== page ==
In reading the essay I was reminded of a comment I heard a choreographer make recently regarding the "difficulty" of appreciating contemporary dance. I'm paraphrasing: 'people, stop intellectualizing! Do you like it? If so, great. There's nothing to understand and there won't be a test after the performance.' But, beginning with Abstract Expressionism, painting does become about intellectualizing. (Of course, the visual arts have always involved conceptual considerations, but in the second half of the XX century the dominant trend becomes a kind of self-immolation: look? see: Nothing here!) There often isn't much to look at. Inside jokes. No one needs to go to a museum to see a big monochrome canvas. It's just as well, and more convenient, to simply have it described for you. Now, Van Dyck. That's another matter. His Portrait of Frans Snyders is a masterpiece I could contemplate again, and again, and again. (The zoomable image available at the Frick Museum website is a wonder! How it brought me back to my encounter with Snyders at the museum: Aldrich, I am me. Who are you? I think! Do you think? What do we share?!) The notion that one's face is a window to the soul is affirmed with such mastery. When I contemplate a work such as this it performs the healthy miracle of handing me a most useful illusion: that I actually know something of what it is to be human. Velázquez performs the same miracle, but with a style and technique that seems to me quite noticeably different. Velázquez, too, reaches for the soul, and never more so than in the self-portrait he incorporates into Las Meninas. I can imagine a conversation between Van Dyck, Velázquez, and Warhol. Van Dyck and Velázquez would want to talk about craft, but Andy might keep pushing things towards Kraft. Above, Van Dyck's portrait. (Another day, I would like to consider the paired portrait Van Dyck did of Margareta Snyders, Frans' wife.)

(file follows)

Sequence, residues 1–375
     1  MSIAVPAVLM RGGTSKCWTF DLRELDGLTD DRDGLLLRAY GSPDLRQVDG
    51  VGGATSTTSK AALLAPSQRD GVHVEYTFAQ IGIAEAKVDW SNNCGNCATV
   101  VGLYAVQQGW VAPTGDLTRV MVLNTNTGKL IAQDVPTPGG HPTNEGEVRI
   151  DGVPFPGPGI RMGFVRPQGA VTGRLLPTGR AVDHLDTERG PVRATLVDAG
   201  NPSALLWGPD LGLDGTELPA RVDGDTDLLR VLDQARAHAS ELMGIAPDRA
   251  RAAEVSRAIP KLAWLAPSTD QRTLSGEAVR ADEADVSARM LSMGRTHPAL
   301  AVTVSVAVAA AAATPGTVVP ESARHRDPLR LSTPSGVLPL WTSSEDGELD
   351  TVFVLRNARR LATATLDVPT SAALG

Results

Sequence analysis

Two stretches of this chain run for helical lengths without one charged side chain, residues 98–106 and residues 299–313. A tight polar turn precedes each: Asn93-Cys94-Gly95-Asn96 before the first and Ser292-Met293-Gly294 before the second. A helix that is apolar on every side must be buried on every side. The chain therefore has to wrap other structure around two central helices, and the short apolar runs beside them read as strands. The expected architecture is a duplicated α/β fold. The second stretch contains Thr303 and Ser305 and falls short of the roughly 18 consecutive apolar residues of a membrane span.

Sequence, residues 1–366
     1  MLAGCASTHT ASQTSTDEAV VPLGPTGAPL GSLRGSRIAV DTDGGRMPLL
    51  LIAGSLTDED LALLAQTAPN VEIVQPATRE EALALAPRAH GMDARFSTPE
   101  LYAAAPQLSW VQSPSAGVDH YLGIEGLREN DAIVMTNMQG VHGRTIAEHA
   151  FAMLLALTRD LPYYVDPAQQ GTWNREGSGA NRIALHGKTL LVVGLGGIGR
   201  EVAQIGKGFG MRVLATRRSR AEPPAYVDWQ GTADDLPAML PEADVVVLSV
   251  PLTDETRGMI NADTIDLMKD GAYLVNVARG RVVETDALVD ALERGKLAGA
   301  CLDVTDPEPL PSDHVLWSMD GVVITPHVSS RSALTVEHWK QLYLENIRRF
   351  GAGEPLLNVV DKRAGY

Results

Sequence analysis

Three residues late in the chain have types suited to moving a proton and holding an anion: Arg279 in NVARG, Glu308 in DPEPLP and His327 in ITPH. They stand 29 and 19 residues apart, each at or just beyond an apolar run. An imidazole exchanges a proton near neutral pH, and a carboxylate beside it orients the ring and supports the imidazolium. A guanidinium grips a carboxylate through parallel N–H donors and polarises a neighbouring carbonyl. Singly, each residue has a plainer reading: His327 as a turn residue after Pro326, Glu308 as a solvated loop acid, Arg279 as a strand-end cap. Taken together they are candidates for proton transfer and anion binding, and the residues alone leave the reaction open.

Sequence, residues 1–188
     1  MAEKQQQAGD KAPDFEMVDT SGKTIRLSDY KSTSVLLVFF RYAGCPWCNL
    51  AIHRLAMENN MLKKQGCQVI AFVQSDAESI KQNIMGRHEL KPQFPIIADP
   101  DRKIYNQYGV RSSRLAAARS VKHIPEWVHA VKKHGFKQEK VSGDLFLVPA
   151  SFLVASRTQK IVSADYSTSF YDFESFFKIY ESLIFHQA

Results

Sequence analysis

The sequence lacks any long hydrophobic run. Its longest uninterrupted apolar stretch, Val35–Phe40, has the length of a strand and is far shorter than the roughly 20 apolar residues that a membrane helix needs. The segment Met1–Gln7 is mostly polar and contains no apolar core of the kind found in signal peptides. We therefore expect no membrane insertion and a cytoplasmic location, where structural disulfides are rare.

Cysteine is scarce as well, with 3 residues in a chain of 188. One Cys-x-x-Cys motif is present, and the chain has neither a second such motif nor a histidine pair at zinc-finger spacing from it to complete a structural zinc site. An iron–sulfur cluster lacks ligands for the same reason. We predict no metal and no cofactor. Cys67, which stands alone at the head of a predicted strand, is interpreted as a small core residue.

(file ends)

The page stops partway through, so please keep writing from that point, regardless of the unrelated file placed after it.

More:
Warhol meets Van Dyck
Last night I read an interesting essay in The New Yorker about Andy Warhol. The essay, by Louis Menand, reviews Warhol's career and reevaluates his role in the emergence of Pop Art. (Actually, one of the most fascinating details for me was the bit of outrageous moralizing performed by Time magazine on the occasion of the shooting suffered by Warhol at the hands of a paranoid schizophrenic in 1968: "Americans who deplore crime and disorder might consider the case of Andy Warhol, who for years has celebrated every form of licentiousness. Like some Nathanael West hero, the pop-art king was the blond guru of a nightmare world, photographing depravity and calling it truth. He surrounded himself with freakily named people–Viva, Ultra Violet, International Velvet, Ingrid Superstar–playing games of lust, perversion, drug addiction and brutality before his crotchety cameras... As he fought for life in a hospital, pals insisted that he had not brought it on himself." Oh my! Little Andy brought down Western Civilization all by his lonesome!